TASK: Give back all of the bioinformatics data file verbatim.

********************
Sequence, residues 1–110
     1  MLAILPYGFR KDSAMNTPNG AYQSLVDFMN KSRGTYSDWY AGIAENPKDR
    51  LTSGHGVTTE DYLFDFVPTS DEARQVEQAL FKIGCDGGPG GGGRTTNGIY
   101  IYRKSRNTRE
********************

Sequence, residues 1–110
     1  MLAILPYGFR KDSAMNTPNG AYQSLVDFMN KSRGTYSDWY AGIAENPKDR
    51  LTSGHGVTTE DYLFDFVPTS DEARQVEQAL FKIGCDGGPG GGGRTTNGIY
   101  IYRKSRNTRE